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Somewhere in between D.C. and Baltimore, there is a pond that is photographer John Gossage’s Walden. Between 1981 and 1985, the D.C.-based artist captured this humble little body of water in black and white pictures for a series he simply called The Pond. Gossage refuses to reveal the pond’s location, since he doesn’t consider this work “site-specific.” Instead, he hopes viewers consider The Pond as any location that evokes the collection’s larger themes of introspection, loneliness, and natural grace, which almost make it a pictorial version of a Leonard Cohen ballad.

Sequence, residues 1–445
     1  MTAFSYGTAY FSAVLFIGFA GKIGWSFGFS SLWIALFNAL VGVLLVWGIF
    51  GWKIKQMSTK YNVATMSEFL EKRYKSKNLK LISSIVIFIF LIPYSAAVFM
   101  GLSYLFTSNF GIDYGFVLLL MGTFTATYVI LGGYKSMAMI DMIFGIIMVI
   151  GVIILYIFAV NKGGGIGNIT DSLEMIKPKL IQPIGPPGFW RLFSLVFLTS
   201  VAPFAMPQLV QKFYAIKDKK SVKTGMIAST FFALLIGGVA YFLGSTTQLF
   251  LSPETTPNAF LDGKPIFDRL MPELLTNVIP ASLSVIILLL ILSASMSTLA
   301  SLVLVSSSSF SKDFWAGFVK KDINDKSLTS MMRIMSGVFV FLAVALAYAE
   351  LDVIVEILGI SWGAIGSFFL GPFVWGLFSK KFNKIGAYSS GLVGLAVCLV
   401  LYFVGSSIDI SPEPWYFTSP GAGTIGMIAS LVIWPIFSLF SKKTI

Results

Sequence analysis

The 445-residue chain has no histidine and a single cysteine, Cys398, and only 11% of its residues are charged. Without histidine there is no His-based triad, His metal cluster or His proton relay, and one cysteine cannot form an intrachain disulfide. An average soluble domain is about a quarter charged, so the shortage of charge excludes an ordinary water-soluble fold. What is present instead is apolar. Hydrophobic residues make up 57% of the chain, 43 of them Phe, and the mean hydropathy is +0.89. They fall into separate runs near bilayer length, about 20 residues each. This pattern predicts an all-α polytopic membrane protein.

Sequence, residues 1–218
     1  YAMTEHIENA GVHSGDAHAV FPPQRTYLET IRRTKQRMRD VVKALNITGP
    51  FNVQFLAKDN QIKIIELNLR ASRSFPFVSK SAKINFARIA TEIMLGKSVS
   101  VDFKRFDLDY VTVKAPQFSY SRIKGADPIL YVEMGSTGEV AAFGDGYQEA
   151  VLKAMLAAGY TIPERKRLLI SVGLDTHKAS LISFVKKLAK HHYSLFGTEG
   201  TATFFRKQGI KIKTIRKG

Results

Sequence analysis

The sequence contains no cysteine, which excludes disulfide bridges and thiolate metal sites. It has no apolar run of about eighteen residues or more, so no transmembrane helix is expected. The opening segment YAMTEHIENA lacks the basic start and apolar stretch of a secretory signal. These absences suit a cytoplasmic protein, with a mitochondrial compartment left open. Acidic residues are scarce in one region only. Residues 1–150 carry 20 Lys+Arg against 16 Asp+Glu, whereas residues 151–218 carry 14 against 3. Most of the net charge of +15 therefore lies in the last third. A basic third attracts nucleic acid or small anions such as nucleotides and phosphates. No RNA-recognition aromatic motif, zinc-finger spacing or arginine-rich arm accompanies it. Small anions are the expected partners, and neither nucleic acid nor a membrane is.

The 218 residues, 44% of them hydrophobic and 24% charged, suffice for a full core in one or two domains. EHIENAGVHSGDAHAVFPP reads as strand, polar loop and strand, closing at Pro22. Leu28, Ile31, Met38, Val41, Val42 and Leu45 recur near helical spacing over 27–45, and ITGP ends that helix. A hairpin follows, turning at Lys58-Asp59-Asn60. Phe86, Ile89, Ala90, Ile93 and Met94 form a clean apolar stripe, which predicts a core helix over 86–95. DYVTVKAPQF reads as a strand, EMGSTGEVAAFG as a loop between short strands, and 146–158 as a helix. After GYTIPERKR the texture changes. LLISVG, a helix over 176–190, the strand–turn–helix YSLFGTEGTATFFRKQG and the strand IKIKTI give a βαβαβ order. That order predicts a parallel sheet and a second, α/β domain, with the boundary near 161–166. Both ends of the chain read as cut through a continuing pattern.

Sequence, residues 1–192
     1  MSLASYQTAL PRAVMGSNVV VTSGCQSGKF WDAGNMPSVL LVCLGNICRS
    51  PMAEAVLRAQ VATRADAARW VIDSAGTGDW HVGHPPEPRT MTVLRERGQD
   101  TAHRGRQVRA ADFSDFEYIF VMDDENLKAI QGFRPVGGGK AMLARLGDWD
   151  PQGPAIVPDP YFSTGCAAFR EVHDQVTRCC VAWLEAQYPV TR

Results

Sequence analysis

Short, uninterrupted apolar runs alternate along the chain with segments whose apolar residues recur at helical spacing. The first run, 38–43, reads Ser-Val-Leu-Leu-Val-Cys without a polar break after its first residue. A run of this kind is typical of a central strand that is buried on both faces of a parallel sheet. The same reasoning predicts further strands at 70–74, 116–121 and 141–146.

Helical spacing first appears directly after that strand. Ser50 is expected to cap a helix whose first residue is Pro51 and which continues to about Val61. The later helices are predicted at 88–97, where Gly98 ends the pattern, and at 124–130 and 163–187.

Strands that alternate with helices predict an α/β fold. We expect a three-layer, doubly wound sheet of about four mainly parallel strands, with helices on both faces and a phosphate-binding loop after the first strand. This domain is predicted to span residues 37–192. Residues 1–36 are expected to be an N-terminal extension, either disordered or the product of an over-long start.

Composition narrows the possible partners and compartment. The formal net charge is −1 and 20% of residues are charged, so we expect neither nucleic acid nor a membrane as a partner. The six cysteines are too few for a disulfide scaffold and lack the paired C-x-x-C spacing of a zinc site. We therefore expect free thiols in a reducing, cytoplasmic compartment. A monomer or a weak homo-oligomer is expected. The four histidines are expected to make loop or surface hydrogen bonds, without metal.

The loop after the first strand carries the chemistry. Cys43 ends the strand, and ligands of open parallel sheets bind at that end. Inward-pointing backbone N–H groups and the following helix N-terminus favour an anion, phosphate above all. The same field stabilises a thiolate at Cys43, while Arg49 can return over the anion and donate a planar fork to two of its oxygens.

A new American Art Museum exhibition marks the first time that all 53 prints in the collection have been publicly displayed together. It’s also the first time in more than two decades that Gossage has put on a show in his hometown. To coincide with the show, a catalog will be published this September and on Thursday, Oct. 14 at 7 p.m., the show’s curator, Toby Jurovics, will interview Gossage at the museum about the exhibit.

The exhibition itself opens tomorrow and runs through Jan. 17, 2011 at the Smithsonian American Art Museum, 8th and F streets NW. Free. (202) 633-7970.

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